# Clamped Square Isotropic Plate with Uniform Pressure Load

This example shows how to calculate the deflection of a structural plate under a pressure loading.

The partial differential equation for a thin isotropic plate with a pressure loading is

${\nabla }^{2}\left(D{\nabla }^{2}w\right)=-p,$

where $D$ is the bending stiffness of the plate given by

$D=\frac{E{h}^{3}}{12\left(1-{\nu }^{2}\right)},$

and $E$ is the modulus of elasticity, $\nu$ is Poisson's ratio, $h$ is the plate thickness, $w$ is the transverse deflection of the plate, and $p$ is the pressure load.

The boundary conditions for the clamped boundaries are $w=0$ and ${w}^{\prime }=0$, where ${w}^{\prime }$ is the derivative of $w$ in a direction normal to the boundary.

Partial Differential Equation Toolbox™ cannot directly solve this fourth-order plate equation. Convert the fourth-order equation to these two second-order partial differential equations, where $v$ is the new dependent variable.

${\nabla }^{2}w=v$

$D{\nabla }^{2}v=-p$

You cannot directly specify boundary conditions for both $w$ and ${w}^{\prime }$ in this second-order system. Instead, specify that ${w}^{\prime }$ is 0, and define ${v}^{\prime }$ so that $w$ also equals 0 on the boundary. To specify these conditions, use stiff "springs" distributed along the boundary. The springs apply a transverse shear force to the plate edge. Define the shear force along the boundary due to these springs as $n\cdot D\nabla v=-kw$, where $n$ is the normal to the boundary, and $k$ is the stiffness of the springs. This expression is a generalized Neumann boundary condition supported by the toolbox. The value of $k$ must be large enough so that $w$ is approximately 0 at all points on the boundary. It also must be small enough to avoid numerical errors due to an ill-conditioned stiffness matrix.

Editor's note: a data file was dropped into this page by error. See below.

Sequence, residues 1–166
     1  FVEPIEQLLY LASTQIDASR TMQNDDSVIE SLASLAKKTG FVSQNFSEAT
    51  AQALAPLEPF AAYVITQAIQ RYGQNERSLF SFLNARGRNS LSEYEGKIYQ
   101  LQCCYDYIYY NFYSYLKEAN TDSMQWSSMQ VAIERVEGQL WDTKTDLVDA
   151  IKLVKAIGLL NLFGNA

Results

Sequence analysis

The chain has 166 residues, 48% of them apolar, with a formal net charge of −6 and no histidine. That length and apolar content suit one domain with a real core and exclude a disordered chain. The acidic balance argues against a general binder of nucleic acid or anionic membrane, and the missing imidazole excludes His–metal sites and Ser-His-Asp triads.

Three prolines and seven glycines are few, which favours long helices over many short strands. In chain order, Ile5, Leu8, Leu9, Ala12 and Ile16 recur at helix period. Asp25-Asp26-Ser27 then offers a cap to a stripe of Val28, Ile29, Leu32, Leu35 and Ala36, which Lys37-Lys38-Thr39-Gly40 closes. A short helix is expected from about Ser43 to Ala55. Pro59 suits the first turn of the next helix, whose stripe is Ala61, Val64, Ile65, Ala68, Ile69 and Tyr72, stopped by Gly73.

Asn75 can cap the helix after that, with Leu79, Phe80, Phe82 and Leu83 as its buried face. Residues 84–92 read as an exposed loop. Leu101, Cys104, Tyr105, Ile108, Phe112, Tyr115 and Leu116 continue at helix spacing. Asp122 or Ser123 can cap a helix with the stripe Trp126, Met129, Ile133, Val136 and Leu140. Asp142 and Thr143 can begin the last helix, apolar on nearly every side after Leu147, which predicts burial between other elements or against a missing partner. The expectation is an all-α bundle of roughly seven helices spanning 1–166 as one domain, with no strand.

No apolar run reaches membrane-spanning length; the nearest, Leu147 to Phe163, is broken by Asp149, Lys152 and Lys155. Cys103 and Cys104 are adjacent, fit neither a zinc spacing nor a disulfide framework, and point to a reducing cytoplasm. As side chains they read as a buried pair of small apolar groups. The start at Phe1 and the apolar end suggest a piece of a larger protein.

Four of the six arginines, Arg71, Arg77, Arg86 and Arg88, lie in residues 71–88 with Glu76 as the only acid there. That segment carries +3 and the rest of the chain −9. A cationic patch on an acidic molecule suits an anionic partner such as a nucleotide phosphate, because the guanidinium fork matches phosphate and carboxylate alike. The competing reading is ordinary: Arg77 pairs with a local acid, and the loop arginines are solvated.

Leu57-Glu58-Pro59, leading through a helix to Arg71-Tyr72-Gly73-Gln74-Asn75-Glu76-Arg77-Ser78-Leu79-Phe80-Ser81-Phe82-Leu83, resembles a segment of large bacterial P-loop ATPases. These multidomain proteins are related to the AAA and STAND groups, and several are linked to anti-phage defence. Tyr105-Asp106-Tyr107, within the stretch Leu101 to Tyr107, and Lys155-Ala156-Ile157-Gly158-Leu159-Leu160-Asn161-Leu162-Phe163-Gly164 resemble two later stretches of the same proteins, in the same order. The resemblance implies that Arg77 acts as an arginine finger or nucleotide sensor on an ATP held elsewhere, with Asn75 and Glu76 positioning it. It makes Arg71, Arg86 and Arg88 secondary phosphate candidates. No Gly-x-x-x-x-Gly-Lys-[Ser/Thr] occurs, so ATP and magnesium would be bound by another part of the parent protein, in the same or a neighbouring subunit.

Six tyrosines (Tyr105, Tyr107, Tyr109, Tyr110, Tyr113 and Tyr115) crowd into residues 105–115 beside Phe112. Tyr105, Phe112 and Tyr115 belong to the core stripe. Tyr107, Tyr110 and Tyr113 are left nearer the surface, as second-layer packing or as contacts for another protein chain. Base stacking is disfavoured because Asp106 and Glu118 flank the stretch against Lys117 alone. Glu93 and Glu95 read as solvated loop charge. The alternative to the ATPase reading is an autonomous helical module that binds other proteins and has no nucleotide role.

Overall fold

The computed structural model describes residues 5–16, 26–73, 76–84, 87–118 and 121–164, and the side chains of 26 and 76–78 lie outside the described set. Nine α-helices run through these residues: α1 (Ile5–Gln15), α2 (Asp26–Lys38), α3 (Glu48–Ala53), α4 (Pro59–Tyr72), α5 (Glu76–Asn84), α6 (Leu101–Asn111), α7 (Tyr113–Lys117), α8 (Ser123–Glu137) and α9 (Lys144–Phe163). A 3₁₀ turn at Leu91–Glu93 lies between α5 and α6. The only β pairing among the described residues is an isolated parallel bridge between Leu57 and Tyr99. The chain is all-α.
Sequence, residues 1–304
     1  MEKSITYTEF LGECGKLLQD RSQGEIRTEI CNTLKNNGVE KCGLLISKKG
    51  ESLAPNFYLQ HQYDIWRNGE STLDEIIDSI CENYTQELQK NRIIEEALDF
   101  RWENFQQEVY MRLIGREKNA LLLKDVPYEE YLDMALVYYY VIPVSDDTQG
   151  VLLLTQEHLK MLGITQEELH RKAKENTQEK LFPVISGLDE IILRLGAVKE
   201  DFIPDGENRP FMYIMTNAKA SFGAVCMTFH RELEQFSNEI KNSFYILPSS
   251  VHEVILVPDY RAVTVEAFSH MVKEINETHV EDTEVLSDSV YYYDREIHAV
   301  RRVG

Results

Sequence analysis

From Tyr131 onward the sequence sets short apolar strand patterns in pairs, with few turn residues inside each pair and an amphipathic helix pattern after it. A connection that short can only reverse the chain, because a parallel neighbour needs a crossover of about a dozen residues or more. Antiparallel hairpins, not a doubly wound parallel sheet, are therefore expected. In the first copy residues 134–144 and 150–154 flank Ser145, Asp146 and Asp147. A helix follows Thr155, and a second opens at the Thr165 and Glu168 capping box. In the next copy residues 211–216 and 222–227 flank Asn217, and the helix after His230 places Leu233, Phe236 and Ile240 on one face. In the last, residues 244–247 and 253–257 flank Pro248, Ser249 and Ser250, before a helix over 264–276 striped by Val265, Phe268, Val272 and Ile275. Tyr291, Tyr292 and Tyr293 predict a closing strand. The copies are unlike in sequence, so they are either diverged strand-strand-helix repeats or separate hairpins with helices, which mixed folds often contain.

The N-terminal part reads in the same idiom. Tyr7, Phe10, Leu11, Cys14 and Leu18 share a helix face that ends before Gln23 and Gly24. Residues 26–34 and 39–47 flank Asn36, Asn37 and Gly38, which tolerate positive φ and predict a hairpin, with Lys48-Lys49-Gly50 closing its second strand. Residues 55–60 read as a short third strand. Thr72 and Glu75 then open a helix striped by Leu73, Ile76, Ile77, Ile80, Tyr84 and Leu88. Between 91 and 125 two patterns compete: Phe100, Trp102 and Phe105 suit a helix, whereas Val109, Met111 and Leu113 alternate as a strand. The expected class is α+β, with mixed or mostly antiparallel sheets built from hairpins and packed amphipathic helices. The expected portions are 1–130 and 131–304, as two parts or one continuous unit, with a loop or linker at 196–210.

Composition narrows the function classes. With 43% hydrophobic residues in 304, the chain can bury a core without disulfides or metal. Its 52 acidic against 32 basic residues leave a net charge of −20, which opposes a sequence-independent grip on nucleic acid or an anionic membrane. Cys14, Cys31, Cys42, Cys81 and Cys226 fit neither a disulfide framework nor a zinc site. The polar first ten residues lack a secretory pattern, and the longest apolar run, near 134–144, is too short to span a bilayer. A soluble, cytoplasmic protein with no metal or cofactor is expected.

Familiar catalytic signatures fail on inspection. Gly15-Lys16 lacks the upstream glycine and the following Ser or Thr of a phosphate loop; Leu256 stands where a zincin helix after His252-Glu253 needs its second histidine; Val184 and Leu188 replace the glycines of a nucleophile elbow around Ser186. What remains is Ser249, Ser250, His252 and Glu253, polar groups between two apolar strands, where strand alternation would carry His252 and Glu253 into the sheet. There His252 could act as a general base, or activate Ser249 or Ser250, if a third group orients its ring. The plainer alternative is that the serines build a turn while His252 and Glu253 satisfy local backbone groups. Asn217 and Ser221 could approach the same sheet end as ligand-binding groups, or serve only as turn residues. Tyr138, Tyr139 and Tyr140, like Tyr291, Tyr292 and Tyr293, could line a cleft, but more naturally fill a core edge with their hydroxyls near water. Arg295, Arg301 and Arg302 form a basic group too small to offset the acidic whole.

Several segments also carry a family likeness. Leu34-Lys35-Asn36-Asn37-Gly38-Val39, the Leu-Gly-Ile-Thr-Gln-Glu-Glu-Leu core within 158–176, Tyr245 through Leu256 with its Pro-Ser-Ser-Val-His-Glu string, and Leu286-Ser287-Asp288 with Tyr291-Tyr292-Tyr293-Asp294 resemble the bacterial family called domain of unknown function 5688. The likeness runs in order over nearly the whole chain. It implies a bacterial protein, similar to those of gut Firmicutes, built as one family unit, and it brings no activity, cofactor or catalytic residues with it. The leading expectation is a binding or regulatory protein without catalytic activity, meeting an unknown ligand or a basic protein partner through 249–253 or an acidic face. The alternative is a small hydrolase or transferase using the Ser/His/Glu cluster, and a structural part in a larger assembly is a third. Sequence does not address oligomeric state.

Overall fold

The toolbox uses the dependent variables ${\mathit{u}}_{1}$ and ${\mathit{u}}_{2}$ instead of $w$ and $v$. Rewrite the two second-order partial differential equations using variables ${\mathit{u}}_{1}$ and ${\mathit{u}}_{2}$:

$-{\nabla }^{2}{u}_{1}+{u}_{2}=0$

$-D{\nabla }^{2}{u}_{2}=p$

Create a PDE model for a system of two equations.

model = createpde(2);

Create a square geometry and include it in the model.

len = 10;
gdm = [3 4 0 len len 0 0 0 len len]';
g = decsg(gdm,'S1',('S1')');
geometryFromEdges(model,g);

Plot the geometry with the edge labels.

figure
pdegplot(model,"EdgeLabels","on")
ylim([-1,11])
axis equal
title("Geometry With Edge Labels Displayed")

PDE coefficients must be specified using the format required by the toolbox. For details, see

The c coefficient in this example is a tensor, which can be represented as a 2-by-2 matrix of 2-by-2 blocks:

$\left[\begin{array}{cccc}c\left(1\right)& c\left(2\right)& \cdot & \cdot \\ \cdot & c\left(3\right)& \cdot & \cdot \\ \cdot & \cdot & c\left(4\right)& c\left(5\right)\\ \cdot & \cdot & \cdot & c\left(6\right)\end{array}\right]$

This matrix is further flattened into a column vector of six elements. The entries in the full 2-by-2 matrix (defining the coefficient a) and the 2-by-1 vector (defining the coefficient f) follow directly from the definition of the two-equation system.

E = 1.0e6; % Modulus of elasticity
nu = 0.3; % Poisson's ratio
thick = 0.1; % Plate thickness
pres = 2; % External pressure

D = E*thick^3/(12*(1 - nu^2));

c = [1 0 1 D 0 D]';
a = [0 0 1 0]';
f = [0 pres]';
specifyCoefficients(model,"m",0,"d",0,"c",c,"a",a,"f",f);

To define boundary conditions, first specify spring stiffness.

k = 1e7;

Define distributed springs on all four edges.

bOuter = applyBoundaryCondition(model,"neumann","Edge",(1:4),...
"g",[0 0],"q",[0 0; k 0]);

Generate a mesh.

generateMesh(model);

Solve the model.

res = solvepde(model);

Access the solution at the nodal locations.

u = res.NodalSolution;

Plot the transverse deflection.

numNodes = size(model.Mesh.Nodes,2);
figure
pdeplot(model,"XYData",u(:,1),"Contour","on")
title("Transverse Deflection")

Find the transverse deflection at the plate center.

numNodes = size(model.Mesh.Nodes,2);
wMax = min(u(1:numNodes,1))
wMax = -0.2763

Compare the result with the deflection at the plate center computed analytically.

wMax = -.0138*pres*len^4/(E*thick^3)
wMax = -0.2760